US Open, Third Round
There were several certainties heading into tonightâ€™s third round match between Tommy Haas and Mikhail Youzhny, or, to render it in the brain-scrambling terminology made famous by Donald Rumsfeld, a number of known knowns. Firstly, it would be an entertaining all-court scramble between a pair of stylish veterans. Secondly, both men would at various moments lose form, and thereafter their minds, inspiring thrashed racquets and whimsical assaults on the scenery. Thirdly, I wouldnâ€™t know which of the two men I favoured until the match commenced, or maybe until it ended. Both rank among my favourite players. Strangely, this sometimes makes it harder to remain impartial.
By the third set it grew apparent to me that my sympathies today were with Youzhny. The Russian was playing better tennis, and would have been crushed by a loss from two sets up. Paradoxical, therefore, was my concurrent realisation that I preferred to see Haas progress to the fourth round. He hardly deserved victory today, but there were good reasons to hope he’d remain active in the tournament. The winner of todayâ€™s match would face Lleyton Hewitt, whoâ€™d backed up the sterling upset of Juan Martin del Potro by seeing off Evgeny Donskoy in four sets. Hewitt and Haas have some (ancient) history â€“ inevitably given theyâ€™ve both been on the tour forever. If Haas won that match, he would have reached the quarterfinals, thereby gaining a decent shot at returning to the top ten. Alas, he lost. I understood that I couldnâ€™t have it both ways.
In any case, it was a stylish all-court scramble, one fairly bursting with dazzling rallies, bold offence and desperate saves. Anyone seeking to compile a highlights reel will have a lot of material to work with, and some tough decisions to make if they want to keep the running time under twenty minutes. Haas hit at least two backhand lobs as good as youâ€™ll see, though only the first of them came off the strings. Sadly they were struck over an hour apart, and he committed a heroic number of errors in between. His performance through the second set was especially poor, and contributed to the nearly unprecedented sight of Youzhny winning a set by being the steadier player. Naturally there was a third set resurgence from Haas, prompting Youzhny to take to the on-court speedometer with his foot, and to the court surface with his racquet. It didnâ€™t last. Haas was particularly virtuosic on his overheads tonight, but sadly this cannot be translated into a match-winning pattern at this level, especially as Youzhny displayed emphatic preference for flashing backhand passing shots over lobs. Youzhny took the fourth set with reasonable comfort, and afterwards saluted the crowd with obvious relish.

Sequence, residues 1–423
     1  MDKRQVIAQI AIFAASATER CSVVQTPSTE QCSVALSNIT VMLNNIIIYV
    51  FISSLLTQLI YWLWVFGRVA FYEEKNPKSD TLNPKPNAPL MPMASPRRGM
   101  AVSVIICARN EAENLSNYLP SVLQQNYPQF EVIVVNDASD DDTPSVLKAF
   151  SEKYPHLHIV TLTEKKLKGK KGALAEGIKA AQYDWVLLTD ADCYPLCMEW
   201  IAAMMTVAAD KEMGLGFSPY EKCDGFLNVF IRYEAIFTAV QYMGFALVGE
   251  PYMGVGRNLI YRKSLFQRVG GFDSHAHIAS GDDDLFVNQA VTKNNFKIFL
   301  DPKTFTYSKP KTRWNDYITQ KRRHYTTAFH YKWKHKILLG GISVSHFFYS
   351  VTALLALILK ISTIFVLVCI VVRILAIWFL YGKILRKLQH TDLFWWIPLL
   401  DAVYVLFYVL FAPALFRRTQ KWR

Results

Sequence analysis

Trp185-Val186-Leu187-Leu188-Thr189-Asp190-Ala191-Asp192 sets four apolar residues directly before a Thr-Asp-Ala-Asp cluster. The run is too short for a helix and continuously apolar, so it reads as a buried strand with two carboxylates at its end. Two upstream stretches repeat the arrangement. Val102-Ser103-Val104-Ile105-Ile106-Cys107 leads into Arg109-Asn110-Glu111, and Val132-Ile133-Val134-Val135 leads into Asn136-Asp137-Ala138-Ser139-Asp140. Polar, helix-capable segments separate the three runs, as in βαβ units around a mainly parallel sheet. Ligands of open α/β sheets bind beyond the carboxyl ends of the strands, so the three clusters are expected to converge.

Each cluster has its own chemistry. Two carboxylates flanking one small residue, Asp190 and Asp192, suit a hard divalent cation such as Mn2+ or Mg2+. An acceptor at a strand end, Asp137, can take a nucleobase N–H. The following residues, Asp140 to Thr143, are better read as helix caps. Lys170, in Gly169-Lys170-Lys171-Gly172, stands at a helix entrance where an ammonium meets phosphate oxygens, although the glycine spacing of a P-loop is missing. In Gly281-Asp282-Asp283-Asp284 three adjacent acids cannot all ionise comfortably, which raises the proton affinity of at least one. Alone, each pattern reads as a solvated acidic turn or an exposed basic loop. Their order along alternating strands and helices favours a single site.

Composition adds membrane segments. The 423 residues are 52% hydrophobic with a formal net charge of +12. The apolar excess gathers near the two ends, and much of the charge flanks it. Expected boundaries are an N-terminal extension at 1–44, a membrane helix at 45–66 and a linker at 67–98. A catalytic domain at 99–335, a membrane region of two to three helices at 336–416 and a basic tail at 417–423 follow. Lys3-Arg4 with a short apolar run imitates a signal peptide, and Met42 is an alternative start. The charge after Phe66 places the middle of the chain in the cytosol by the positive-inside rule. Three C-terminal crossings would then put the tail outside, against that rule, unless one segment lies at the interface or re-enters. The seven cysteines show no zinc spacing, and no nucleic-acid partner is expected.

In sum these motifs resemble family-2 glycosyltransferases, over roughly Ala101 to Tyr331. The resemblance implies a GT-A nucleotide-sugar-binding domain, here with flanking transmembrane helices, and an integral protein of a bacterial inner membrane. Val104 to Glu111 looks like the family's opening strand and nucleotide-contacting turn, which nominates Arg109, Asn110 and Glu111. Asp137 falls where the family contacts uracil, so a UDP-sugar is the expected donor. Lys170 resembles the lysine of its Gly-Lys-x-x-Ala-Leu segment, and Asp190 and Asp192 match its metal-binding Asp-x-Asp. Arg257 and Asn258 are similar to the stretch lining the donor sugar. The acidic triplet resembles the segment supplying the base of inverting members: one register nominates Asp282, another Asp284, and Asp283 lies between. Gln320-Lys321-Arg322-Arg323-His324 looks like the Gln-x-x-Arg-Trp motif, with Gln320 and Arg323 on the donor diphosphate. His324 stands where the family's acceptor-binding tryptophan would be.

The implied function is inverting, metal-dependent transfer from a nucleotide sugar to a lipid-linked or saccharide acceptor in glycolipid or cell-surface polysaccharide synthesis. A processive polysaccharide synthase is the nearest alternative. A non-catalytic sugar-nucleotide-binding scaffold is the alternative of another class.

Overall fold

Haasâ€™s loss meant that his US passport couldnâ€™t be invoked in the event that no other American males reached the fourth round of the US Open, which hasnâ€™t happened before in the Open era. John Isner was his nationâ€™s great hope, or at any rate its faint hope, but his anticipated revenge match against Philipp Kohlschreiber turned out to be even less competitive than last yearâ€™s. With Isner (and Haas) gone, only the affable Tim Smyczek stood defiant in the face of history. Even as Haas trudged from Louis Armstrong, SmyczekÂ was at that moment entering a deciding set with Marcel Granollers on Grandstand.
Thankfully the American was in rare form, gaining an early break in the fifth, and generally belting winners around at will. Chants of â€˜U-S-Aâ€™ boomed around the stands, much as they hadnâ€™t for Isner a few nights earlier. Granollers, to be sure, is no Monfils. Indeed, Iâ€™m still not quite sure what Granollers is, aside from one of the ungainliest players Iâ€™ve ever seen. Like Adrian Mannarino he appears to be a throwback to an earlier era, when even top pros were self-taught. I persist in thinking his current ranking of No.43 is if anything generous. Nonetheless, he took advantage of a rare weak game from the American, broke back, and eventually broke again. Smyczekâ€™s inexperience truly manifested itself in the final game, when he should have made the Spaniard earn a tough hold, but instead relieved Granollers of any discernible pressure by over-hitting all his returns. Just like that, there are no American men left. In the absence of any official announcement to the contrary, we must assume the tournament will somehow continue.
Fortunately there remain a few foreigners whose names should be passing familiar to the general public, even if none of them have yet given anyone much reason to pay close attention. In every case the result has been an entirely known known.Â Novak Djokovic started his match against Joao Sousa well after Smyczek and Granollers began theirs, but didnâ€™t tarry nearly so late in ending it. Sousa should feel immensely proud at becoming the first Portuguese man to progress to the third round at the US Open, and quite fortunate to win four games once he got there. Meanwhile Mannarino won only five games against Roger Federer last night, as did Julien Benneteau against Tomas Berdych today.
Florian Mayer got all the way to a first set tiebreaker against Andy Murray, but it wasnâ€™t close, and nor were the ensuing sets. Rafael Nadal also saw offÂ Ivan Dodig in straight sets. David Ferrer contrived to drop a set to Mikhail Kukushkin, but wasnâ€™t seriously tested. So far through the three rounds the top players havenâ€™t looked troubled in the slightest, and thereâ€™s no good reason to think they will be until theyâ€™re fated to face each other (apart from Berdych, who must face Stan Wawrinka, and Ferrer, whose match with Janko Tipsarevic almost certainly wonâ€™t reprise last yearâ€™s classic quarterfinal). For all that the first week has officially ended, the second week, with its vague promise of known unknowns, still feels some way off.